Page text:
Masculinity : Masculinity And Masculinity

1520 Words Feb 10th, 2016 7 Pages
To read Babio without recognizing the gender politics at work in the play would disregard much of how the play itself creates meaning. So much of the play’s plot and character dynamics are related to the way gender functions in this play. One major theme of Babio is the idea of masculinity and how masculinity is defined. Through the portrayal of Babio as an effeminate character, Babio is able to define masculinity through absences in Babio’s Character. Consequently, Babio makes the additional point that lovesickness is not an intrinsic aspect of medieval masculinity, despite the fact that love sickness is often attributed to men. Babio’s titular is portrayed as feminine and lacks traits that traditionally define masculinity. One such trait is rationality and control of one’s emotions. Instead, Babio is portrayed as being overly emotional and lacking in any sort of capacity for reason or common sense. Babio’s melodramatic and expressive nature is immediately evident in the play; Babio’s opening lines express grief that is beyond reason. The play opens with Babio saying, “I’m tormented by grief. Indoors, outdoors, / it’s always the same. If I grieve any more I shall not be able to bare it,” (77, ll. 1-3). In beginning the play with these lines, the not only centers the plot on Babio and his lovesickness, but also emphasizes his emotional nature—which ultimately drives much of the action of the play. Since Babio is not able to bare his grief, he is unable to gain control over…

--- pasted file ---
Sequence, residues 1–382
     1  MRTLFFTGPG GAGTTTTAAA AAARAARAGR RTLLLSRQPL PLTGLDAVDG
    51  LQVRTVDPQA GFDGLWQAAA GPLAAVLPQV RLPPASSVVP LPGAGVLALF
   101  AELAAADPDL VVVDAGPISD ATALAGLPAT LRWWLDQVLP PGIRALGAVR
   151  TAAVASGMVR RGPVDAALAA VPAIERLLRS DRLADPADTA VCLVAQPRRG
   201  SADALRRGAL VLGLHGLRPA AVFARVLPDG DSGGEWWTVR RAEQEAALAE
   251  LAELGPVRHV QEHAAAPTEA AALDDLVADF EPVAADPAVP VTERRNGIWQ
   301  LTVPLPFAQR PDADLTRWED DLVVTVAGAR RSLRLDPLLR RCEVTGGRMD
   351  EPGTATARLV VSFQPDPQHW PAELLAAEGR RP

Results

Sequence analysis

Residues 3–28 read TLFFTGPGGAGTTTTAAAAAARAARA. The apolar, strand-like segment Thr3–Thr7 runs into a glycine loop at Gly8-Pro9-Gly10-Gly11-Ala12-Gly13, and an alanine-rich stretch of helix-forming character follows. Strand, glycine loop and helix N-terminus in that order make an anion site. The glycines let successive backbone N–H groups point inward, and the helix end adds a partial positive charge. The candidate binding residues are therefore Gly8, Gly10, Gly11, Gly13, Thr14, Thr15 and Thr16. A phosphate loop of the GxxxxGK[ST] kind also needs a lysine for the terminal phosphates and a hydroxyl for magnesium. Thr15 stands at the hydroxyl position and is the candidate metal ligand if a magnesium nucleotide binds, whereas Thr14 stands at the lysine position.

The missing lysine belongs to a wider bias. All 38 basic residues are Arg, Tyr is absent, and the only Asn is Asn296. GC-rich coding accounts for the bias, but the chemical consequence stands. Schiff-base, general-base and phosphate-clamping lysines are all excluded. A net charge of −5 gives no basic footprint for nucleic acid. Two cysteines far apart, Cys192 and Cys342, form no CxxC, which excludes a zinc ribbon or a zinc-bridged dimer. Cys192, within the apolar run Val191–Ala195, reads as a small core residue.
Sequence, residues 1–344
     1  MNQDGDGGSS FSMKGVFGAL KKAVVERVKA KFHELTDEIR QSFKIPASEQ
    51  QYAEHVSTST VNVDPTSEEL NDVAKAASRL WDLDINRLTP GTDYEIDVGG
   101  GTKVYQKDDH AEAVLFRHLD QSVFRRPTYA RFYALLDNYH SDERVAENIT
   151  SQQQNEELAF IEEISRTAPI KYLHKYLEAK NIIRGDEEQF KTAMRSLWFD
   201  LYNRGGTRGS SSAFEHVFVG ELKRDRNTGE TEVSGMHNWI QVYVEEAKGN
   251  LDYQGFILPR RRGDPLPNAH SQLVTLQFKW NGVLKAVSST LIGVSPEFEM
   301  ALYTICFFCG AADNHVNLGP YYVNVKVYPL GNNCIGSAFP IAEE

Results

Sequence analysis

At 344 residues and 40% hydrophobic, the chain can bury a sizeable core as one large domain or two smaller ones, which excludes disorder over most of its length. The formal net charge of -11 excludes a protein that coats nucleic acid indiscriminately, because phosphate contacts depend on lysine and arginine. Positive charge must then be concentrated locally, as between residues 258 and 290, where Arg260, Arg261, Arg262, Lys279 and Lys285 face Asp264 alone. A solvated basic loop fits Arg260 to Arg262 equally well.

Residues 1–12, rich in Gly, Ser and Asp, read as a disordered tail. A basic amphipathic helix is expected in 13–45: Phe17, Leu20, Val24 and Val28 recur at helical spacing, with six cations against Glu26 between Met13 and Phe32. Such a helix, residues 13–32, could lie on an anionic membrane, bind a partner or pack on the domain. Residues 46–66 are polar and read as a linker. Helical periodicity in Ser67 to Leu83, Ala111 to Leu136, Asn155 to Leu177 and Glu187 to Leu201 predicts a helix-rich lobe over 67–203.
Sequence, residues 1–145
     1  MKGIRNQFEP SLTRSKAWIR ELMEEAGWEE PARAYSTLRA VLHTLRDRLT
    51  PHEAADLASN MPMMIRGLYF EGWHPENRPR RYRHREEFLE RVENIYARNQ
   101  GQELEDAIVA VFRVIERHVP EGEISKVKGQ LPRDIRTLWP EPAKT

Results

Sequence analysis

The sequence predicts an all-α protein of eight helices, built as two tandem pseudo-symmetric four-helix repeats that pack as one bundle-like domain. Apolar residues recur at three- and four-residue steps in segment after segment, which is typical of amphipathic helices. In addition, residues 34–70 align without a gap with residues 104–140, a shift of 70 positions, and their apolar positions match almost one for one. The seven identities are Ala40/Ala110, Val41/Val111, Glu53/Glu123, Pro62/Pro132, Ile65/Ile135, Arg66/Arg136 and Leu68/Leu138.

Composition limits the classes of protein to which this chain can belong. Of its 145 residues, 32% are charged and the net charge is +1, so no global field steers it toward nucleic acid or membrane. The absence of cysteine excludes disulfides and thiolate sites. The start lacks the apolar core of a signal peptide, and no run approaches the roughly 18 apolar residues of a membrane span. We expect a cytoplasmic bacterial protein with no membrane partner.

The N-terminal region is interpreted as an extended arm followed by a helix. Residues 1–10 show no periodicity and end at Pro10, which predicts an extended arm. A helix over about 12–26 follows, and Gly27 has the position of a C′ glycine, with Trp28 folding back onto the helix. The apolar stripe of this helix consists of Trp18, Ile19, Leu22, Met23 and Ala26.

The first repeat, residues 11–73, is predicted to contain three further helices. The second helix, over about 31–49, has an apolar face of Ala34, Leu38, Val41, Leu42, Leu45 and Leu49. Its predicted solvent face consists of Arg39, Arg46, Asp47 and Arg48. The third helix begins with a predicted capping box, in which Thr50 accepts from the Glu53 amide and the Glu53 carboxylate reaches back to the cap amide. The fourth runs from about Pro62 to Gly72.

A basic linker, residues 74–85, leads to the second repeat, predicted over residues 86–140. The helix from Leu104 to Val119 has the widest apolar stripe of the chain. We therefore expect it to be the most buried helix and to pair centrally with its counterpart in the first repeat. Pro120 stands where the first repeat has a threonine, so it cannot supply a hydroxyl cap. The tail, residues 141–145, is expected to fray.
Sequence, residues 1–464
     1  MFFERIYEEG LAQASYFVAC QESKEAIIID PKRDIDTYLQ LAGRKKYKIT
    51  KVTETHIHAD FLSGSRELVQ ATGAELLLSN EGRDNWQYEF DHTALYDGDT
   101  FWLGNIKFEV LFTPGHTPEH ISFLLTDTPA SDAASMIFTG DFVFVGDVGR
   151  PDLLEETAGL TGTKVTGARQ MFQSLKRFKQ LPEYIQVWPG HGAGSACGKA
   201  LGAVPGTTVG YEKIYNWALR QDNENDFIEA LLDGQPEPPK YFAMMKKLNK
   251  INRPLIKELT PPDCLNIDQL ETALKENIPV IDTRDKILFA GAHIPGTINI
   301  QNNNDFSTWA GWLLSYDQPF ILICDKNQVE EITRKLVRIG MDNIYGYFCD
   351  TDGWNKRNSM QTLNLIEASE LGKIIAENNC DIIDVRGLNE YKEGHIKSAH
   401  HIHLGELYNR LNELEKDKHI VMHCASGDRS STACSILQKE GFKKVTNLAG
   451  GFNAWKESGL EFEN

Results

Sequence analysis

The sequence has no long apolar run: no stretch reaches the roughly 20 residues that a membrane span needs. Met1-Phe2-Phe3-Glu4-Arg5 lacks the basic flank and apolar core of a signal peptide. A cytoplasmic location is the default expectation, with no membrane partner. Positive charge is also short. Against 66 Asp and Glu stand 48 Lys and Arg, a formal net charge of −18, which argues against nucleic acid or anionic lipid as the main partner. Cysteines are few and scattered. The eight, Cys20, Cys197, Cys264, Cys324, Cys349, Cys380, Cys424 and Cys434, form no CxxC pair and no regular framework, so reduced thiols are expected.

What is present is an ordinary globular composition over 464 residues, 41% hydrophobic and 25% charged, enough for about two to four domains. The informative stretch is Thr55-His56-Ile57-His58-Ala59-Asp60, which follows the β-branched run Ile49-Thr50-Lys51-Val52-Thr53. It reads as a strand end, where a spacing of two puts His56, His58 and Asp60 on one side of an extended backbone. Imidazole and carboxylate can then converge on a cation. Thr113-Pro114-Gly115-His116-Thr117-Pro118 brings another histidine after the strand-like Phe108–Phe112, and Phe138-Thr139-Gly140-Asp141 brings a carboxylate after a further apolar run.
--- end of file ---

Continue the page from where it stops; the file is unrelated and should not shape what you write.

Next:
Open Document